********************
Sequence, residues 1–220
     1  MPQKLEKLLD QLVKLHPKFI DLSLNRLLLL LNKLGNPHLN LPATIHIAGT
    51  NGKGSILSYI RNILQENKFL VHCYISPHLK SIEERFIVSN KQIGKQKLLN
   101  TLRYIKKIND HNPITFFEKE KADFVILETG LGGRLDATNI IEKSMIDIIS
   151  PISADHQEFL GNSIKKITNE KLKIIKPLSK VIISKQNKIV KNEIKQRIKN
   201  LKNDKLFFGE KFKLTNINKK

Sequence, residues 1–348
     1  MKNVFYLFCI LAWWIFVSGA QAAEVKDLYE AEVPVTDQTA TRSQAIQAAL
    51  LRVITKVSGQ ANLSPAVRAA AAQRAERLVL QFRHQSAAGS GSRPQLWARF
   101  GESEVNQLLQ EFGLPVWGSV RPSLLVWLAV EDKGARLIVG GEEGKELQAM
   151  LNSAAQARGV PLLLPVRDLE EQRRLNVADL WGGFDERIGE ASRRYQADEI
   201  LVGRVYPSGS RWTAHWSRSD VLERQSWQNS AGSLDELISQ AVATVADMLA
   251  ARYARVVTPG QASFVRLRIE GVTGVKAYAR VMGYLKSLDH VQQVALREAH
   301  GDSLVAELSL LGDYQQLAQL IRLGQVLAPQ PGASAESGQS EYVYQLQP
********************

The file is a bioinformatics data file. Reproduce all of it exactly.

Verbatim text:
Sequence, residues 1–220
     1  MPQKLEKLLD QLVKLHPKFI DLSLNRLLLL LNKLGNPHLN LPATIHIAGT
    51  NGKGSILSYI RNILQENKFL VHCYISPHLK SIEERFIVSN KQIGKQKLLN
   101  TLRYIKKIND HNPITFFEKE KADFVILETG LGGRLDATNI IEKSMIDIIS
   151  PISADHQEFL GNSIKKITNE KLKIIKPLSK VIISKQNKIV KNEIKQRIKN
   201  LKNDKLFFGE KFKLTNINKK

Sequence, residues 1–348
     1  MKNVFYLFCI LAWWIFVSGA QAAEVKDLYE AEVPVTDQTA TRSQAIQAAL
    51  LRVITKVSGQ ANLSPAVRAA AAQRAERLVL QFRHQSAAGS GSRPQLWARF
   101  GESEVNQLLQ EFGLPVWGSV RPSLLVWLAV EDKGARLIVG GEEGKELQAM
   151  LNSAAQARGV PLLLPVRDLE EQRRLNVADL WGGFDERIGE ASRRYQADEI
   201  LVGRVYPSGS RWTAHWSRSD VLERQSWQNS AGSLDELISQ AVATVADMLA
   251  ARYARVVTPG QASFVRLRIE GVTGVKAYAR VMGYLKSLDH VQQVALREAH
   301  GDSLVAELSL LGDYQQLAQL IRLGQVLAPQ PGASAESGQS EYVYQLQP